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The signs that your teenager needs help

Maggie Dent, Parenting Educator

Your support can make all the difference to your child if they are struggling at school. As parenting educator Maggie Dent explains in this video, teens have a lot going on with study, friendships, and home life, along with the many changes going on in their brain. Learn about the signs that could indicate your teen needs help and find out what you can do to support them to get the help they need.

Learn about what’s going on in your teen’s brain and read these tips for talking to your teenager.

Narrator: The teenage years can be difficult to navigate for young people. Juggling relationships, friendships, study, exams home life, school life; along with the day-to-day changes of the adolescent brain.
So how can we tell if typical teen behaviour is becoming something more?
Maggie: One of the questions I’ve had from a lot of parents is ‘When do I worry?’ ‘When does teenage angst become something much more worrying?’. And really you’ve just got to observe the changes in behaviours. We know that they love hanging out in their bedroom but if they’re hanging out in their bedroom even more, they’re changing in their moods even more to flat moods and sad moods rather than even argumentative moods. If they’re withdrawing from their friendship groups, if they’re withdrawing from whatever sparks them alive, whether it’s sport or music. What are they doing around their eating? And then, of course, the big one is sleep. So if you’re finding that they are even struggling with sleep even more than normal teens… all of those are potentially something that we’d really love you to check in on. When we start to identify that our kids are really dragging their feet there will be something underneath that is driving it. And our job as parents, and those of you who work with our teens at school environments, we’ve got to find out what that is.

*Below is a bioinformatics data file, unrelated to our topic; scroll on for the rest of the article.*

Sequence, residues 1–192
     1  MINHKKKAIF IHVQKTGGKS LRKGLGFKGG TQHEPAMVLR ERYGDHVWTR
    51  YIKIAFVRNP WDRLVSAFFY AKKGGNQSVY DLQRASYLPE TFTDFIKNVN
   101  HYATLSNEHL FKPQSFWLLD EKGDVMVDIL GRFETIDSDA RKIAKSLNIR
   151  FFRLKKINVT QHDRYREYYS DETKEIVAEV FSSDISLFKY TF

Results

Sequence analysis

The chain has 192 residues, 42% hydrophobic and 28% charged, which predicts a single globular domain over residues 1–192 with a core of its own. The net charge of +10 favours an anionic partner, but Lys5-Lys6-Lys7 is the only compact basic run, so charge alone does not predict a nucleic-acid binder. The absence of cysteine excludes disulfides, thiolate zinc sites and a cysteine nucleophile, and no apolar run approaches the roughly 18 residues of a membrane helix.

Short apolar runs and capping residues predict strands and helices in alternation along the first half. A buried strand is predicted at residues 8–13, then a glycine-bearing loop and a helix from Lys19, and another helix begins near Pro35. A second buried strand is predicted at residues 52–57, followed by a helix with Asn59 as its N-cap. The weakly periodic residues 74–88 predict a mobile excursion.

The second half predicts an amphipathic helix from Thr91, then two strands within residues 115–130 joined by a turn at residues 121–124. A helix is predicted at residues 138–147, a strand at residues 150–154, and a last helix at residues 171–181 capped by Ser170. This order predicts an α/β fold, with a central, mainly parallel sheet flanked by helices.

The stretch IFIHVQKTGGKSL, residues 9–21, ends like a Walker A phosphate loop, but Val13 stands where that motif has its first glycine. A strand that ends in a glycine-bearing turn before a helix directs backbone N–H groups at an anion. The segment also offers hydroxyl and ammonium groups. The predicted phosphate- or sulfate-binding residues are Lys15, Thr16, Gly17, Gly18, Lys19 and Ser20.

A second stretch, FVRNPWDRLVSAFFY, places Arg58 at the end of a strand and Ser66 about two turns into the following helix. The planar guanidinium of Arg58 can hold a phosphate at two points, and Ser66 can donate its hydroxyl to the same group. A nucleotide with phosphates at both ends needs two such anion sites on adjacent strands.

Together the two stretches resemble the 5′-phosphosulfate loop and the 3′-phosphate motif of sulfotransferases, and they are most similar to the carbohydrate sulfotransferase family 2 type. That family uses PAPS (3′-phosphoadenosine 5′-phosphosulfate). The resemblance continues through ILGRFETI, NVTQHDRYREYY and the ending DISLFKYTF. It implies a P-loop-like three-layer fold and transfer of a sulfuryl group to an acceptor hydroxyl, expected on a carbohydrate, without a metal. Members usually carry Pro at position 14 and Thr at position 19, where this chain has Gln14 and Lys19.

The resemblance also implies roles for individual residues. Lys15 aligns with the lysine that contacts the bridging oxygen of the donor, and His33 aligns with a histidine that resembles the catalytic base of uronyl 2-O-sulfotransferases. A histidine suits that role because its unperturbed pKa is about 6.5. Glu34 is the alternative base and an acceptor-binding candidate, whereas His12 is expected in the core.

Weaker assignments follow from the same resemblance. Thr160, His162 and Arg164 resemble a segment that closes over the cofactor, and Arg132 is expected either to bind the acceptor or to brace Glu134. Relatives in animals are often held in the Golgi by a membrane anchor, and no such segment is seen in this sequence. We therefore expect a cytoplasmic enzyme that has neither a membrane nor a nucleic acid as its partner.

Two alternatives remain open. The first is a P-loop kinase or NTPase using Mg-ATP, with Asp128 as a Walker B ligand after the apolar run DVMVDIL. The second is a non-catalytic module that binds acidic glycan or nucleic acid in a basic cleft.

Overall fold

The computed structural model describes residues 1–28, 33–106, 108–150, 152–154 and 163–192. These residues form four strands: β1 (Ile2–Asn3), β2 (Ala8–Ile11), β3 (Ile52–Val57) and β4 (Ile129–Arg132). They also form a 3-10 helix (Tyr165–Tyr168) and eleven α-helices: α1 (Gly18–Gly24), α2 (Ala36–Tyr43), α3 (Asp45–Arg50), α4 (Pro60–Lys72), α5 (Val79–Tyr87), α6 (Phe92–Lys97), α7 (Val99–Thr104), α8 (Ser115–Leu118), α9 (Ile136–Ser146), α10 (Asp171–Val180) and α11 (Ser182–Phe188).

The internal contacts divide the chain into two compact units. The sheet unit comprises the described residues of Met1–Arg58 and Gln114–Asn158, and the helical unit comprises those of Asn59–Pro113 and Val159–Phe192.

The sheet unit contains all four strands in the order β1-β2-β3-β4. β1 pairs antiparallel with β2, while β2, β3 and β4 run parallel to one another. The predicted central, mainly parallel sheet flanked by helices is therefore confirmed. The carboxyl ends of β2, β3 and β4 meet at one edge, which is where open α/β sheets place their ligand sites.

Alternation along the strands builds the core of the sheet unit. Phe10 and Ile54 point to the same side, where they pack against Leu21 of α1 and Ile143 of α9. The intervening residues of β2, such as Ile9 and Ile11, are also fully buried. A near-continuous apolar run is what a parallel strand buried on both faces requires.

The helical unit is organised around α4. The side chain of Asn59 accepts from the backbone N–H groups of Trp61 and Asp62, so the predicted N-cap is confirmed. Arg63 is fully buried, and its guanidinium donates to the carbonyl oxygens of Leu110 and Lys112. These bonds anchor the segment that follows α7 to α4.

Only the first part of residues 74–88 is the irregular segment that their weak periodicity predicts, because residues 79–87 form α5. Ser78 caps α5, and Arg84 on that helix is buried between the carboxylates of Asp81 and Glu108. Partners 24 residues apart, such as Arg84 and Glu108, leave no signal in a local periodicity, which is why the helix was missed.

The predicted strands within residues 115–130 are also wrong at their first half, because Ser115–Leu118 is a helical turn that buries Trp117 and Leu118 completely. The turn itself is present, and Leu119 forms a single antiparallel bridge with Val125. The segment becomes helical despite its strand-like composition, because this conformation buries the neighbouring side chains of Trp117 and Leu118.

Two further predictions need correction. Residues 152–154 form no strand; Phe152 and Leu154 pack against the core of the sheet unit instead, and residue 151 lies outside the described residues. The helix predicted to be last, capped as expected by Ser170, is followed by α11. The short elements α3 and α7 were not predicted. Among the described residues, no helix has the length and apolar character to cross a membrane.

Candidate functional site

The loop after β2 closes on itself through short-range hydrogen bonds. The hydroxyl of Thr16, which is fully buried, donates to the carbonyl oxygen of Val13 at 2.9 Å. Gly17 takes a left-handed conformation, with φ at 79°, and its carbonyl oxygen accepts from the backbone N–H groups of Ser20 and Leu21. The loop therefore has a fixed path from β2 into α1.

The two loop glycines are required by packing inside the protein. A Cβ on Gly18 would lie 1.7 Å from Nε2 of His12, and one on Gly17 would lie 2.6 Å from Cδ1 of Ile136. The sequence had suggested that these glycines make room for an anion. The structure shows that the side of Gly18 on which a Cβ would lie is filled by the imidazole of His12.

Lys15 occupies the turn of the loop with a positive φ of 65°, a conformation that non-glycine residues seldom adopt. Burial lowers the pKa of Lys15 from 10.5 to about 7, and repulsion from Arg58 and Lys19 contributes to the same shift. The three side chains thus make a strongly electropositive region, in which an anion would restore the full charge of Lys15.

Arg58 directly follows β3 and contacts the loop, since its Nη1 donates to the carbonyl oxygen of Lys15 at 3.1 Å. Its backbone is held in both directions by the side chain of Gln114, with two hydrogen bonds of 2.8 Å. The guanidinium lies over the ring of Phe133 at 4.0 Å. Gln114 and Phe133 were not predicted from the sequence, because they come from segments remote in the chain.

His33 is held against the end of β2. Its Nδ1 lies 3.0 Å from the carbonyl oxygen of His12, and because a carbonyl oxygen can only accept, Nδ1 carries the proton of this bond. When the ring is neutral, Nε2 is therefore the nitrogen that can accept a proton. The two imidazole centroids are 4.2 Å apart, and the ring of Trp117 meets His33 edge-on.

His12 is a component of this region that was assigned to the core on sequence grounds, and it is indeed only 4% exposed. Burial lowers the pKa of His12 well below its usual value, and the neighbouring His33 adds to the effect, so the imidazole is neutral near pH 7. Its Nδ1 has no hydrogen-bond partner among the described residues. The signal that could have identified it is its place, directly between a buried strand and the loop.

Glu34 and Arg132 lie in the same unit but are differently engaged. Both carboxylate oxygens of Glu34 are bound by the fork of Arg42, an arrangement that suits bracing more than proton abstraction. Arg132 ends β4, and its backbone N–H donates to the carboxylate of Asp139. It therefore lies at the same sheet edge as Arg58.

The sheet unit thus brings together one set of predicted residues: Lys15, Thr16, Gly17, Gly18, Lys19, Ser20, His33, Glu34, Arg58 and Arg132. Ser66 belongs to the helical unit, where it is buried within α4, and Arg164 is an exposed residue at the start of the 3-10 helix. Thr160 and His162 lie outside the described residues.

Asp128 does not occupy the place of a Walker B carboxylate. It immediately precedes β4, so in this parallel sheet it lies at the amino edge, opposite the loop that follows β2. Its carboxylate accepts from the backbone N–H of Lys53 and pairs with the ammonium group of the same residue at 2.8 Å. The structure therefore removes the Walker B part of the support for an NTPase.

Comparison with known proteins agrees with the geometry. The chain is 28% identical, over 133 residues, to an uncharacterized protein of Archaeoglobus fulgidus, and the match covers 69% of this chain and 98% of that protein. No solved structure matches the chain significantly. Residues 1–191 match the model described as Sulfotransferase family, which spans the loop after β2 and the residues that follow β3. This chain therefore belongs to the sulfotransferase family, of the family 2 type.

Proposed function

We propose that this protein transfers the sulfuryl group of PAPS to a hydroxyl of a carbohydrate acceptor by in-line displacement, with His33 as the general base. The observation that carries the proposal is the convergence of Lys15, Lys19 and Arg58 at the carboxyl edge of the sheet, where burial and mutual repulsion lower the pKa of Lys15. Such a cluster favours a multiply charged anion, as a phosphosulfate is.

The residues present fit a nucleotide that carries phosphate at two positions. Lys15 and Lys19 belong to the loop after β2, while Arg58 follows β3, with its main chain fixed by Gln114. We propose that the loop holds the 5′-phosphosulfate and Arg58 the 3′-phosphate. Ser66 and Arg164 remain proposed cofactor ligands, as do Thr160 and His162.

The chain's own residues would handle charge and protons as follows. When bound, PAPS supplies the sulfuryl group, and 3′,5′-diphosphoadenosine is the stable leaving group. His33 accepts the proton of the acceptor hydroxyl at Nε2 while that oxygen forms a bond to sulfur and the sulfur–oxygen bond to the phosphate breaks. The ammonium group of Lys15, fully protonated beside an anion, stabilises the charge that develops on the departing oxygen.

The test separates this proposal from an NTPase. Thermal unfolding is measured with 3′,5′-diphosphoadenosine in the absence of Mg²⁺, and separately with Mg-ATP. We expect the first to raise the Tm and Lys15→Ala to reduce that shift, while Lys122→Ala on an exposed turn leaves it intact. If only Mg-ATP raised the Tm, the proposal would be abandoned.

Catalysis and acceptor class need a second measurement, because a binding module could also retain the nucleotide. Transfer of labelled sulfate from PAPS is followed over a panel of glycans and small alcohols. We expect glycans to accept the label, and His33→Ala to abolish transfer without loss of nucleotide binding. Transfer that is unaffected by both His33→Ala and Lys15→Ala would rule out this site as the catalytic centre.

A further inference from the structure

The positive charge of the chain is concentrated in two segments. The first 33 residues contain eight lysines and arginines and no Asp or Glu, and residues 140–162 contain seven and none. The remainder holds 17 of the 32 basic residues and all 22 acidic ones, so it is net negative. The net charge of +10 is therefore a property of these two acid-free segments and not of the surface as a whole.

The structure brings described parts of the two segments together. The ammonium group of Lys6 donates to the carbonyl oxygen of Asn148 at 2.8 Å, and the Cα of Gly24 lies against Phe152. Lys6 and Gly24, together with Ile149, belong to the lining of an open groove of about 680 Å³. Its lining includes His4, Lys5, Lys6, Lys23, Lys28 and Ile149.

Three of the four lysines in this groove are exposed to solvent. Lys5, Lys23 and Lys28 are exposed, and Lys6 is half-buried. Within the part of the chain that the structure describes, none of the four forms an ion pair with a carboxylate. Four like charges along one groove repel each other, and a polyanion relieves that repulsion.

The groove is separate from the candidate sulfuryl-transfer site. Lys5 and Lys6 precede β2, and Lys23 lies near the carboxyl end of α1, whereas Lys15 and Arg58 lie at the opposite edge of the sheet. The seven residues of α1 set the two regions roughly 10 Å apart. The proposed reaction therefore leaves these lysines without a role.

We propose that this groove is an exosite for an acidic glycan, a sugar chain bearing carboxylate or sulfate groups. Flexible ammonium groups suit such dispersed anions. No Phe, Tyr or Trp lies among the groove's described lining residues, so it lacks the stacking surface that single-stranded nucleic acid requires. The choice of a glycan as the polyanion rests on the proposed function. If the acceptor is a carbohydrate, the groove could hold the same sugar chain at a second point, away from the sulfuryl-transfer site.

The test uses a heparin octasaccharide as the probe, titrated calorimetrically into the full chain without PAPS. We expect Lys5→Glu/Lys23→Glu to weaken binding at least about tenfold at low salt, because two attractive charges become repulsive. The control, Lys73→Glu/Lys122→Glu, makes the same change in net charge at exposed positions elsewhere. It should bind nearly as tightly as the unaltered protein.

Narrator: There is nothing more heartbreaking than seeing your child go through a hard time and knowing it could and should be different. Especially when it has an impact on their schooling or education. But as parents, what can we do to make a difference?
Maggie: So at the end of the day what we have to do is look at how can we problem-solve with a child? Especially when it gets to complete school refusal. So our job is to come beside our kids and show where we’ve got them. We’re connecting with them. We don’t see they’re the problem. We see there is a problem and we’re going to help them facilitate some solutions to the problem. The first thing we need to do is validate for them that it is hard for them. It’s obviously hard for you at the moment and I can see that it really sucks.
The second thing is student services would be the people we work with when we’ve got this sort of thing going on. They’ve usually got the best people who connect with kids. So your job is to have an appointment with them and see if you can start teasing out these sorts of things.
And the last bit is, we must give them hope. We must give them a sense that this often happens on the school journey. You’re not the only one it’s happened to but we believe that you’ve got what you need to get to the next level.
Narrator: What you say and do can help your child focus on the positives both at school and in other areas of their life. By listening you’re giving them a way to vent and seek help. By keeping your cool when they are angry or emotional, you are being a role model.
By simply being there, you’re helping your child feel valued and safe. Remember, you are not alone. There are many ways your school can help provide support or options to help you and your child achieve success with their education and life.
Discover more on the Spark Their Future website.

Last Updated: 08 December 2022